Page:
Eat. Eat some more.

Eat.  Share.
Eat some more.

Is Sugar Really That Bad For Us?

(What's this?) Click on this "star" to bookmark your favourite food stories. To view the stories you have bookmarked, simply go to your account dashboard, and click on the "My Bookmarked Stories" link.
August 13, 2014 / English / By
Nicola

By Fritzs (Own work) [GFDL (http://www.gnu.org/copyleft/fdl.html) or CC-BY-SA-3.0-2.5-2.0-1.0 (http://creativecommons.org/licenses/by-sa/3.0)], via Wikimedia Commons

 

In general, the world is becoming a lot more health-focused. With advances in healthcare, medicine and technology, we are beginning to discover exactly what does - and doesn't - do us good. Recently, there has been increasing pressure on people to reduce their sugar intake, with the media bandying about words such as 'obesity', 'diabetes' and 'harmful'. How much of it is true, and how much of it is scaremongering? Is sugar really that bad for us?

Sugar is a natural ingredient which is thought to have been discovered over 5,000 years ago. Glucose (one form of sugar) is an important fuel for the body, so sugar is actually an essential part of our diet. At the moment it is advised that the average adult diet should contain about 50% carbohydrates, including sugars and starches.

All too often we are discouraged from drinking sugary drinks and eating sugary snacks like sweets and chocolate. In many people's mind-sets, 'healthy' snacks like fruit are much better for us. However, in actual fact, the body doesn't distinguish between naturally-occurring sugars, and those added during food and drink manufacture. To your body and mine, sugar is sugar.

There have been a lot of links made between sugar intake and the high levels of obesity. Action on Sugar, a campaign group made up of a number of specialists in this field, believe that there is definitely a link between obesity and calorie intake. According to them, much of the blame for this lies with sugar intake.

However, there has been some criticism of this. In 2013 the World Health Organisation funded a review of the link between sugar and obesity. Following this, Sugar Nutrition UK stated that 'any link to body weight was due to overconsumption of calories and was not specific to sugars'. Furthermore, statistics from Government Family Food show that there has actually been a decrease in total sugar consumption in the UK over the last decade, by almost 12%. This flies in the face of any claims that increased sugar consumption directly leads to increasing obesity numbers.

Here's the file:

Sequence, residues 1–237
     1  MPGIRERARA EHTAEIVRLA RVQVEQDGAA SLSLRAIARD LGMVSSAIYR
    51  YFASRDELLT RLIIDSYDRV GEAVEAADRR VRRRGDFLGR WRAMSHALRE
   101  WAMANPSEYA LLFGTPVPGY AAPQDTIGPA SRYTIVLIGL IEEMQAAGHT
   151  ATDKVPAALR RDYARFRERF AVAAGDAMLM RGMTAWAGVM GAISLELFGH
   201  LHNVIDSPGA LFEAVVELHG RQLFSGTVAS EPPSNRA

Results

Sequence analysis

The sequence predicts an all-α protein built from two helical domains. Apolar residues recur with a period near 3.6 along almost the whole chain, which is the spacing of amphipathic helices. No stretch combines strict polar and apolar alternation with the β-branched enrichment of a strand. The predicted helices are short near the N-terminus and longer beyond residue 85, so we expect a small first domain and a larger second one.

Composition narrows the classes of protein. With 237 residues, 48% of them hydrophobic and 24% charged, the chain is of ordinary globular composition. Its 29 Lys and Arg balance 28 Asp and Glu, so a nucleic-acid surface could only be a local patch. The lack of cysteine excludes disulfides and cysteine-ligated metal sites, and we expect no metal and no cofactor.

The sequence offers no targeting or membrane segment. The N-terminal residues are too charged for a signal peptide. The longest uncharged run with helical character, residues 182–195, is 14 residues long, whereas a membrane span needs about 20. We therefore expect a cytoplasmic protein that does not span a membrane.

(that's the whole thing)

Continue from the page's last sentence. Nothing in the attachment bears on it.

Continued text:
It is true that sugar plays an important part in the lives of people living with diabetes. The pancreas produces insulin, which controls how much glucose is in the blood. For people with diabetes, not enough insulin is produced, meaning that their blood sugar levels rise too high. There have been reports and speculation, by both the media and the public, that diabetes is caused by a high intake of sugar, but is it true?

A link has been made between obesity and diabetes - that much is true. Those who are overweight are much more likely to develop diabetes than those who are not. A review published in the EFSA (European Food Safety Authority) Journal actually found that there was insufficient evidence that there was a direct link between consuming lots of sugar and developing an obesity-related condition such as diabetes.

What can we deduct from all of this? The debate on whether or not sugar is bad for us has been going on for decades, and it's likely that it will continue to do so! There have been and always will be reports giving evidence for both sides of the argument. As much as sugar probably isn't the best for us in large quantities, it is something that the body actually needs, and the evidence suggests that it doesn't directly lead to all these problems, like the media would have us believe. As stated at the beginning, people have been consuming sugar for thousands of years, and it is an important ingredient in our diets. It's all about everything in moderation - the same applies for all different food groups and ingredients. Yes, too much can cause some problems, but some sugar here and there is neither something to be afraid of nor avoided.

N/A

Country: United Kingdom

Province/State: Wiltshire

City: N/A

Address: N/A

Zip/Post Code: N/A

Location Tips: N/A

Phone: N/A

Website:N/A

Price Guide:N/A (What's this?) N/A = home cooked meal,etc
$ = street food, fast food,etc
$$ = bistro, cafe, pub, bar,etc
$$$ = fine dining,etc

Comment
Related Stories

Spain's Top 13 Most Delicious Dishes

Spanish / By
ETG - Food For Thought

Cauliflower Health Benefits And Recipes

International / By
ETG - Food For Thought

Introduction To Moroccan Cuisine - Main ...

Moroccan / By
ETG - Food For Thought

51 Cheesecake Recipes - The Ultimate Che...

International / By
ETG - Food For Thought

AS SEEN ON

ABC Nine Com 6PR
Copyright © 2012-2017 Eat the Globe™ - All rights reserved

Related Stories

Spain's Top 13 Most Delicious Dishes

Spanish / By
ETG - Food For Thought

Cauliflower Health Benefits And Recipes

International / By
ETG - Food For Thought

Introduction To Moroccan Cuisine - Main ...

Moroccan / By
ETG - Food For Thought

51 Cheesecake Recipes - The Ultimate Che...

International / By
ETG - Food For Thought

AS SEEN ON

Copyright © 2012-2017 Eat the Globe™ - All rights reserved
Login to Eat The Globe
Username
Password
   Cancel
Close
Your profile is incomplete.
Simply complete your profile, it only takes 1 minute.
Button
Email this story to a friend
Close
Invalid Email format
Send Friend Request to this person
Close
Invalid Email format
Your Friend Request has been sent.